On Friday, December 17, 2021, a three-judge panel of the U.S. Court of Appeals for the Sixth Circuit lifted the stay of OSHA’s emergency temporary standard (ETS) mandating COVID-19 vaccinations in the workplace or, alternatively, requiring unvaccinated employees to submit to weekly COVID-19 tests. The stay was originally issued by the U.S. Court of Appeals for the Fifth Circuit on November 5, 2021, when the Fifth Circuit held that OSHA had exceeded its statutory and constitutional authorities when it issued its ETS.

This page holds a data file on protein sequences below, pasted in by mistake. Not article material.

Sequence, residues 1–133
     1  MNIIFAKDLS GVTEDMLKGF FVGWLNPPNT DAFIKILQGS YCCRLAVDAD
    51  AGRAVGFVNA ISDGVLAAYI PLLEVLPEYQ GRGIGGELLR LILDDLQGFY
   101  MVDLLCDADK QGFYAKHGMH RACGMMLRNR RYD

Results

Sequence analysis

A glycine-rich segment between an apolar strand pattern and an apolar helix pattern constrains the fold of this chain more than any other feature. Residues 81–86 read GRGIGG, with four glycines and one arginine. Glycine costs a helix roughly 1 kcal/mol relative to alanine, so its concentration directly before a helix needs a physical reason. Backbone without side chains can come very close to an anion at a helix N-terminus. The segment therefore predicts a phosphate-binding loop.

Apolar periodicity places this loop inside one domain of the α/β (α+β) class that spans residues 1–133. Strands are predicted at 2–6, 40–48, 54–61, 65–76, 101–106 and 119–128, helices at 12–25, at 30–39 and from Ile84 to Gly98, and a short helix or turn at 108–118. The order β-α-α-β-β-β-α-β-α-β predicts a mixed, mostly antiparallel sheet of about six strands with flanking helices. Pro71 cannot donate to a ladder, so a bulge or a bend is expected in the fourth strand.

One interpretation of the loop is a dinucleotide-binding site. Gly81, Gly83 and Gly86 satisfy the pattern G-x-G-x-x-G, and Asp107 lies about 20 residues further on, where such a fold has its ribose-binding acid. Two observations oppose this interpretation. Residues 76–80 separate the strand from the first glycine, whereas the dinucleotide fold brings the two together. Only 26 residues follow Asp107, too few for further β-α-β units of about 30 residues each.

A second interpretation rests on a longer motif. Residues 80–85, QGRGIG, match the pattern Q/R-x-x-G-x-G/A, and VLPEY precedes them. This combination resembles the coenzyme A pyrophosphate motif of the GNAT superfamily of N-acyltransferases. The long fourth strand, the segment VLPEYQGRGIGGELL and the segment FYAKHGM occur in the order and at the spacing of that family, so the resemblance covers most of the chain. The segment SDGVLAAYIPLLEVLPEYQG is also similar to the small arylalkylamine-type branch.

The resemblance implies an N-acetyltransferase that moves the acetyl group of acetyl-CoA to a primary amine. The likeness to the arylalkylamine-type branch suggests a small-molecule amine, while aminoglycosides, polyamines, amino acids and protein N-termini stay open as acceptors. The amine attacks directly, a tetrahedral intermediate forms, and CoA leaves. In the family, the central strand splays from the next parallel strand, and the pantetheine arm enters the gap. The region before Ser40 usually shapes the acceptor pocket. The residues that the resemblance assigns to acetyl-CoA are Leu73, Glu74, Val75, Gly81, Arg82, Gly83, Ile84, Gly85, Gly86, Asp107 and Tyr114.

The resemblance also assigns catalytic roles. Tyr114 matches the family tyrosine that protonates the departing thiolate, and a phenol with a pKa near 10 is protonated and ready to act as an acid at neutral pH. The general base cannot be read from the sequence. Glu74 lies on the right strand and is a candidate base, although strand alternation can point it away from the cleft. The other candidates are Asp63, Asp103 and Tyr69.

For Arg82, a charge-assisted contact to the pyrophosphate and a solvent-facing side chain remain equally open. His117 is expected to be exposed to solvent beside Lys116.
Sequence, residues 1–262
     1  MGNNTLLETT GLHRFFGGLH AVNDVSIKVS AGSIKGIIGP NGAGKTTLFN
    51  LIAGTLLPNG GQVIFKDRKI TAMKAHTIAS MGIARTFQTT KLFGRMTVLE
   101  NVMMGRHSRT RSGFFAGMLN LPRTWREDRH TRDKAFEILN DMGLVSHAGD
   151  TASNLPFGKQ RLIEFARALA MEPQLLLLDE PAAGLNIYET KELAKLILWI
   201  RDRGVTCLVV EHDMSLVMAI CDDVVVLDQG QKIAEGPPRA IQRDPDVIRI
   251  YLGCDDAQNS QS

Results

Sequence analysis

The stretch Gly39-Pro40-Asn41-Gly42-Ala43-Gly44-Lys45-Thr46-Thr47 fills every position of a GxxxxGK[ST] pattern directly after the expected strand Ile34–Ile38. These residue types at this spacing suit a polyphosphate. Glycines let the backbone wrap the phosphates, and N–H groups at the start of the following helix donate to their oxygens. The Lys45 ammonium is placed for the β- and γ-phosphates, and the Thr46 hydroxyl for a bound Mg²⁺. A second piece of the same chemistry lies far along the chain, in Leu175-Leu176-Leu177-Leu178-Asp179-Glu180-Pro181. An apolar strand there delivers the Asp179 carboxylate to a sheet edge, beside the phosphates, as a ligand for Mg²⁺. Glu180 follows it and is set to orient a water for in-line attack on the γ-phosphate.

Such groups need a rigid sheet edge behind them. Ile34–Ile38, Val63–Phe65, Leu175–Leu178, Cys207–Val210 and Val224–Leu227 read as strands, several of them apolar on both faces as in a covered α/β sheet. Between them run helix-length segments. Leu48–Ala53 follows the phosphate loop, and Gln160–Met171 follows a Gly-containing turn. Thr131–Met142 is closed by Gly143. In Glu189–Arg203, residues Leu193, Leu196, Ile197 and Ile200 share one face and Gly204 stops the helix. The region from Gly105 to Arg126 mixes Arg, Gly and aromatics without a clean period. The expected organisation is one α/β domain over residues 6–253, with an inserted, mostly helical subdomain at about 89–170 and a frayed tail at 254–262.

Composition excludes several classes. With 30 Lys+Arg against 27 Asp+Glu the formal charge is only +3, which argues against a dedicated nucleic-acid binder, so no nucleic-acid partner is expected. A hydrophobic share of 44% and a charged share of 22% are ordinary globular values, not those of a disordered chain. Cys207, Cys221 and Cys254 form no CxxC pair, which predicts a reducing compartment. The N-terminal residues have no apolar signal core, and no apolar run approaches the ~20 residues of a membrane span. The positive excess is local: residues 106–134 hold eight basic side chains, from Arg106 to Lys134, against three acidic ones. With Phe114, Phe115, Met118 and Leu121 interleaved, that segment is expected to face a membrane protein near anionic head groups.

The case was later reassigned to the Sixth Circuit pursuant to a lottery-style drawing in accordance with the federal rules for multi-circuit litigation. Given that 11 of the 16 active judges on the Sixth Circuit are Republican political appointees, it was surmised that the Sixth Circuit would most likely follow the Fifth Circuit’s decision in halting OSHA’s ETS in its tracks. However, once the case was reassigned, the first battle fought between the parties began with whether the case should be decided by a traditional three-judge panel or whether the case would be heard en banc where the entire panel of 16 active judges would hear the case. In a decision (found here) that appeared to strongly divide the court, the Sixth Circuit denied the petition for an initial hearing en banc reasoning that a three-judge panel of the court had already devoted a significant amount of time to the case and that an initial hearing en banc would only serve to strain the limited resources of the court to have all 16 active judges devote their attention to the case. The Sixth Circuit’s decision, however, included a strongly worded 27-page dissenting opinion from the Sixth Circuit’s chief judge arguing that Congress had not “clearly” granted the Secretary of Labor authority to impose OSHA’s vaccinate-or-test mandate, especially when the authority to regulate public health and safety has traditionally been regulated by the states. The chief judge also argued in his dissenting opinion that the Secretary of Labor had not met the “grave danger” standard for issuance of OSHA’s ETS when (1) the key population group at risk from COVID-19–the elderly–no longer works, (2) members of the work-age population at risk–the unvaccinated–have chosen for themselves to accept the risk and any risk is not grave for most individuals in the group, and (3) the remaining group–the vaccinated–does not face a grave risk by the Secretary’s own admission, even if they work with unvaccinated individuals. Many legal experts interpreted the chief judge’s dissenting opinion not only as a signal that the three-judge panel assigned to the case was ready to issue a decision to lift the Fifth Circuit’s stay, but also could serve as a road map for the U.S. Supreme Court to stop OSHA from implementing its vaccinate-or-test rule.